EH: So what's the outlook for next season? There are no prospects in the system ready to contribute at the big league level. Do we go out and sign another Kelly Shoppach type? Does Molina's $1.8m option get picked up?

RJ: I would've said this preseason, too, but I think they'll pursue a trade. It's hard to find teams willing to part with big-league quality catchers, so whether they find a match, well, who can answer that? They might have to take the Chirinos route again and pluck a guy from an org with numerous options. You look at Chicago and they had Geovany Soto, Welington Castillo, and Steve Clevenger all right there, so trading Chirinos wasn't a big deal. I think San Diego makes sense in that regard, with Hundley, Baker, Grandal, and Hedges in their system

Molina's option might come down to whether they feel comfortable with the progress of Lobaton (and/or Chirinos, should he return). I don't believe it's wise to go with youth just for youth's sake, but you might be higher on Lobaton's potential than I.

EH: A trade partner would be ideal, but good catchers don't come cheap. Even a good backup is a valuable commodity. The 2013 free agent catcher's market isn't awful with names like Doumit, Ross, Pierzynski, Snyder littering the market, not to mention Mike Napoli and Brian McCann. There might be someone in the class that's willing to take a one year deal, don't you think? That is, if the Rays want to go that route.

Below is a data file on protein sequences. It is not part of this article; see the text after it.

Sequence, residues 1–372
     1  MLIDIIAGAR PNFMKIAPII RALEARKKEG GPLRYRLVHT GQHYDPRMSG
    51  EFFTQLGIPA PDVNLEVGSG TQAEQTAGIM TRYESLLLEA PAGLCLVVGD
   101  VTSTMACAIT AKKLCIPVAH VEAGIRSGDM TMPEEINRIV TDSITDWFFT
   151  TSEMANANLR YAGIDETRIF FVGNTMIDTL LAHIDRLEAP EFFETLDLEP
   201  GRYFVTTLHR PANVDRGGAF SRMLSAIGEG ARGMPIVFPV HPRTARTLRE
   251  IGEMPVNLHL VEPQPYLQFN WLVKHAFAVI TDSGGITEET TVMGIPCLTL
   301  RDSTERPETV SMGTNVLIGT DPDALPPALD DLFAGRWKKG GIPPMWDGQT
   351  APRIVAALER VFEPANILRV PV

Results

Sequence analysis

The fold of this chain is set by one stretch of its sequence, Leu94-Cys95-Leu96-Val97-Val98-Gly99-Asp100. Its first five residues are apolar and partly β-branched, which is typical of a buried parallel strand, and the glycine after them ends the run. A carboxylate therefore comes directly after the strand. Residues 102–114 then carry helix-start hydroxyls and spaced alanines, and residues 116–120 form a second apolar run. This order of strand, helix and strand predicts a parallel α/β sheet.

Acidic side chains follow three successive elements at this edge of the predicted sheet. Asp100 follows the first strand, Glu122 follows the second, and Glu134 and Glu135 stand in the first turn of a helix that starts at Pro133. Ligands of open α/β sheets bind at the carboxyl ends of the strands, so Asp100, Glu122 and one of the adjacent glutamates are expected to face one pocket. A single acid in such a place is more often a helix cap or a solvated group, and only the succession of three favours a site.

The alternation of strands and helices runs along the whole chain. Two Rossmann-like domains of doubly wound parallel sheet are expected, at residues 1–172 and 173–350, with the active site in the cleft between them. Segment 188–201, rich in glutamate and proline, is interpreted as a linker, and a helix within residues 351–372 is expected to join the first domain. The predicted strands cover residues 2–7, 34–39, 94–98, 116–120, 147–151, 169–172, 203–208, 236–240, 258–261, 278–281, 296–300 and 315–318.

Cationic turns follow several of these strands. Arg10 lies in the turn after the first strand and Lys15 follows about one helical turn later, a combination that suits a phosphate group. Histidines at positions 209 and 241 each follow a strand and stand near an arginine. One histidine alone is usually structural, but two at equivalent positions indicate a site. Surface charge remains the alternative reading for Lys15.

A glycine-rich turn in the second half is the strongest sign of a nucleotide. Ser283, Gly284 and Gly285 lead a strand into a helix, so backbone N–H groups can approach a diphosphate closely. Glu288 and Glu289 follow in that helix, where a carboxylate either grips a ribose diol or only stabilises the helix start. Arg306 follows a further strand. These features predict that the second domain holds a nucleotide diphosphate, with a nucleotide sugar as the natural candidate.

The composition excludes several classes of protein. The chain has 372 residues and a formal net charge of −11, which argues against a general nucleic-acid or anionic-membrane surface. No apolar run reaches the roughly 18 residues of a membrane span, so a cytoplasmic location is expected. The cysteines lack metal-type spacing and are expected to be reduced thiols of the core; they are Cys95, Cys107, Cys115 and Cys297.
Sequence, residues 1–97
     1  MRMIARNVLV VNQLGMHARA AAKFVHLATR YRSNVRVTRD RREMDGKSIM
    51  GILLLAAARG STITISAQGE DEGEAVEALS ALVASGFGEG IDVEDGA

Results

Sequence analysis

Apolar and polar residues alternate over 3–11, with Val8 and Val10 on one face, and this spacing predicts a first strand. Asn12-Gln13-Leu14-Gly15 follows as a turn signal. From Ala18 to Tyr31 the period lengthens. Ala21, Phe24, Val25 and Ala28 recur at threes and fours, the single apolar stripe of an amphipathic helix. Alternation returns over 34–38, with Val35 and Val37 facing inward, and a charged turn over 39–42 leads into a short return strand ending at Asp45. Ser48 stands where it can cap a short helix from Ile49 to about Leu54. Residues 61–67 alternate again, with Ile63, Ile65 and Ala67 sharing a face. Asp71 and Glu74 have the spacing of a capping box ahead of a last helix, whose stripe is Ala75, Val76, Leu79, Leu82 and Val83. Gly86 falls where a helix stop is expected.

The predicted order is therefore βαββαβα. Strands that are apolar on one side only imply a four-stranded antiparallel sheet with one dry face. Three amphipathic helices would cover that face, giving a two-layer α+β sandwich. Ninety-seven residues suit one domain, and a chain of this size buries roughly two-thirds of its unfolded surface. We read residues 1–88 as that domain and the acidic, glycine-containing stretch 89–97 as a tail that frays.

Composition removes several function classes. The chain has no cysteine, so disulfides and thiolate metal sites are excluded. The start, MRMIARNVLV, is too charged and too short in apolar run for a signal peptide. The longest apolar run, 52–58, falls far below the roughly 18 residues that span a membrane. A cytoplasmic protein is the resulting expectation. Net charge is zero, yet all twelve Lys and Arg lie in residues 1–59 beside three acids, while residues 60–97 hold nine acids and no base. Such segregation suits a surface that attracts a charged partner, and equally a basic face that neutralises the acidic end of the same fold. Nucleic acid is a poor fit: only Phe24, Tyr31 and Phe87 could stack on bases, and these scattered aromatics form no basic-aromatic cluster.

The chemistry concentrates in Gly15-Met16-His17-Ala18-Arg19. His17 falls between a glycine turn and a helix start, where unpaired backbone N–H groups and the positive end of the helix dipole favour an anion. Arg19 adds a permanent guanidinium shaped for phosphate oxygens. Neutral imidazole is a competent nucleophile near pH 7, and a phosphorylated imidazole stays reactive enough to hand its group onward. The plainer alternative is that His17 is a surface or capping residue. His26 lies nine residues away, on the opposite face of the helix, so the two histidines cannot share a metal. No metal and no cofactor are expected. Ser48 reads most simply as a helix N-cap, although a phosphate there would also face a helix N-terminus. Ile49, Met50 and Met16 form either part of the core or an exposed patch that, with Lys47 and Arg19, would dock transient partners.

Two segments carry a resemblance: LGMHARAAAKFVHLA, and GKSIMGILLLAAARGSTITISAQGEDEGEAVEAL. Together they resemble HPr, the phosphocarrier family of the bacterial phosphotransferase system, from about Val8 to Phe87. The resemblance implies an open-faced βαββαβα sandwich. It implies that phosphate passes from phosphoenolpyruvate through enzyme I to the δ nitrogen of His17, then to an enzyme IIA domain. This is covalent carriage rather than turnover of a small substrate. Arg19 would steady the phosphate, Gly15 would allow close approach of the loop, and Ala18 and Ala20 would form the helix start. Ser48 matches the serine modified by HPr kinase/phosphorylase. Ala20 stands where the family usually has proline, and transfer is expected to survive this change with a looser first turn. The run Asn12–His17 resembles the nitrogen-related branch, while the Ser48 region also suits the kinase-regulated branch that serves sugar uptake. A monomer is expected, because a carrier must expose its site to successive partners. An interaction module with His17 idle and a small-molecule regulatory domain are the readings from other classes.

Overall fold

I'm not so high on Lobaton either, but he's under contract and will be given the opportunity to showcase what he can do at the major league level. If he even shows that he can hit .240/.310/.350 that should be good enough to get a bulk of the playing time next season.

RJ: I'll confess that I don't have a strong opinion either way on Lobaton. Maybe I should pay more attention to him heading forward.

As for those free agents, I think you have to go case-by-case and ask, "Is this guy clearly better than Molina?" Doumit isn't a catcher to me, so he's a no. Ross is good, but he's also older than people think and he hasn't caught in 80-plus games since 2007. Pierzynski has a better bat than Molina, however, I wonder if he doesn't mitigate that advantage with his glove and attitude. Then Snyder, I don't think you can rely on that guy to stay healthy or give you dependable performances, so he's another no.

Molina might be the best choice if you want a solid, no-thrills backstop on a one-year deal. Don't you think?